July 2, 2010

Nateva festival drawing huge crowd

Thousands of fans from across the region are gathering in western Maine for three days of music, partying and hanging out.

By Bob Keyes bkeyes@pressherald.com
Staff Writer

OXFORD – The music is good, but the weather is better.

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Fans enter through the main entrance to see the band Umphrey's McGee today at the Nateva Music and Camping Festival.

Tim Greenway/Staff Photographer

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A sign hanging on a tent near the entrance to the main stage sets the mood for the three-day Nateva festival. Hundreds of campers have set up tents at the festival now under way at the Oxford Fairgrounds.

Tim Greenway/Staff Photographer

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The Nateva Music & Camping Festival got off to a rousing start today, with thousands of fans from across the region gathering at the dusty old fairgrounds in western Maine for three days of music, partying and hanging out.

The best advice came from the stage, with the sun blistering down on the shirtless masses. “The only thing I can say – sunscreen,” an emcee said, as he introduced Keller Williams to the afternoon crowd. “We’ve got three days of this coming, so be prepared.”

Frank Chandler, the promoter from Massachusetts who put the festival together, took it a step further, urging folks to bring empty plastic bottles today and Sunday so they can refill them with free water that is available throughout the concert site.

“Look, I want to make money. I want to sell everything. But I am more concerned that people stay healthy. Drink plenty of water,” said Chandler, noting that officials urged him to open an additional First Aid tent in case the heat overcomes more people than organizers anticipated.

Oxford Police Chief Jonathan Tibbetts said there no major public safety issues reported, and generally traffic was moving smoothly on Route 26 through town. “So far, we’ve had very few safety problems and very few health problems. We’re very pleased.”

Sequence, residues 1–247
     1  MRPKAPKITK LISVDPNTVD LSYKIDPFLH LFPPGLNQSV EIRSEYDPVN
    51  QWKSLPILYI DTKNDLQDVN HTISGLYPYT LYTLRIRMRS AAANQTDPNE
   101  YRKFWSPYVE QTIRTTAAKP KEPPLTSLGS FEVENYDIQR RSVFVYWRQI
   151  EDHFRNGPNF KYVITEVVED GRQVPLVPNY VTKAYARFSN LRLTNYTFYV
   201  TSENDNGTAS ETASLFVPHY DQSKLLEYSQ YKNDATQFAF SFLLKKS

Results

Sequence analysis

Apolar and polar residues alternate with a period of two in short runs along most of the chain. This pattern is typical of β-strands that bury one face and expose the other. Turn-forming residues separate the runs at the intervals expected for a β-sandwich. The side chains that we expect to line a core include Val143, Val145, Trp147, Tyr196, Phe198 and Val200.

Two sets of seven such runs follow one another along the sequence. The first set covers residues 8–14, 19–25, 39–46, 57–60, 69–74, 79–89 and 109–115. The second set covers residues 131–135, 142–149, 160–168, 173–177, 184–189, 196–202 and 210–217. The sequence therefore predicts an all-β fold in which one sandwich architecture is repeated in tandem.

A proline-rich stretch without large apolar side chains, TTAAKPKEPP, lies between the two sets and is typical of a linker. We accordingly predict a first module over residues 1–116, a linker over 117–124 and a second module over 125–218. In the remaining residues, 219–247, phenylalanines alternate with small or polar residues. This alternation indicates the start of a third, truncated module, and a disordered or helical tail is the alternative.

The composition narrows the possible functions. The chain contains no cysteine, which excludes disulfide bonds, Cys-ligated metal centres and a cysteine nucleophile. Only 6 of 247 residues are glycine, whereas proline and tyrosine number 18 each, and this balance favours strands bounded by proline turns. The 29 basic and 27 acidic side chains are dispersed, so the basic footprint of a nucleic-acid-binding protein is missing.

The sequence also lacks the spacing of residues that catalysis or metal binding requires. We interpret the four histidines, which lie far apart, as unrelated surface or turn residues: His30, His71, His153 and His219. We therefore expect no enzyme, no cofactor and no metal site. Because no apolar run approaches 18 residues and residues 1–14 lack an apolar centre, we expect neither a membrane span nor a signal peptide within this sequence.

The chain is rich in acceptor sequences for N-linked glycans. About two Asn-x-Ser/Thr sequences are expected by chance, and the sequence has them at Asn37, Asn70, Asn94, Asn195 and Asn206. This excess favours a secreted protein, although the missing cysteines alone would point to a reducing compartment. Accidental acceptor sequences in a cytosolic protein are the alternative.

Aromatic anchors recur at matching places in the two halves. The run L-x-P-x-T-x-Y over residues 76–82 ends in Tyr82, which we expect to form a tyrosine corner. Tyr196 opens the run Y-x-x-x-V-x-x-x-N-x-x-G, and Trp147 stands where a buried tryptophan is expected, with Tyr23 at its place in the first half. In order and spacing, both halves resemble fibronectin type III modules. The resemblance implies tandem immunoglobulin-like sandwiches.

The festival is expected to draw up to 15,000 fans each day to the Oxford Fairgrounds. It’s the biggest concert in Maine this summer, and one of the largest in the northern New England. About 5,000 people are camping at the fairgrounds, and thousands more set up tents nearby at the Oxford Plains Speedway. Throughout town, residents invited fans to camp in their yards for a fee.

Music fans began arriving Thursday afternoon, overwhelming organizers who were not prepared for the high early turnout. They were better prepared on today, moving swiftly to park fans at the speedway and then shuttling them on yellow school buses to the concert site, about three miles away.

More than 50 bands are scheduled to perform, including tonight’s headliner The Flaming Lips and Sunday’s closer, Furthur, which includes former Grateful Dead members Phil Lesh and Bob Weir.

Rob Davidson drove over from New Harbor to hear a bunch of bands, but he was mostly interested in hearing Furthur on Sunday. “We’ve been seeing the Dead since 1970. If they’re going to keep playing, I’ll keep coming.”

He and a group of about 20 family members and friends met in Oxford for the party. “The lineup is great,” Davidson said during a set by the Chicago jam band Umphrey’s McGee. “This is all the people on my CD player right now. This is a fantastic lineup.”

On the rock ’n’ roll circuit, these multi-band, multi-day festivals have become the rage, because they package dozens of bands that share similar influences and styles. The Nateva festival skews toward the jam-band culture, with a heavy shot of alternative rock mixed in.

Minicommunities  sprout up to provide support services for the folks who spend several days. There are dozens of food vendors, $5 showers, ATM machines, satellite stages in the campground and untold numbers of hawkers selling everything from T-shirts and stickers to freshly-squeezed lemonade and vegan meals.

The festival attracts mainstream fans and fringe elements. It’s also a bit of a freak show, with some guys walking around in skirts and a handful of women strolling topless. Pot odor is pungent.

Clearly, these folks came prepared to party. Several cars in the campground sported the words “Viva Nateva” written in temporary ink on the windows. They set up huge tents, and made the living quarters as comfortable as possible, with rugs, gas stoves for cooking and coolers packed with cold beer. Hard liquor was prohibited, but people are allowed to bring up to two cases of beer each.

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Additional Photos

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Tara "Earth" Murphy of Baltimore, Md., hula hoops during the Umphrey's McGee performance at the Nateva Music and Camping Festival in Oxford today.

Tim Greenway/Staff Photographer

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Festivalgoers soak up the sun and the music at the Nateva festival.

Tim Greenway/Staff Photographer


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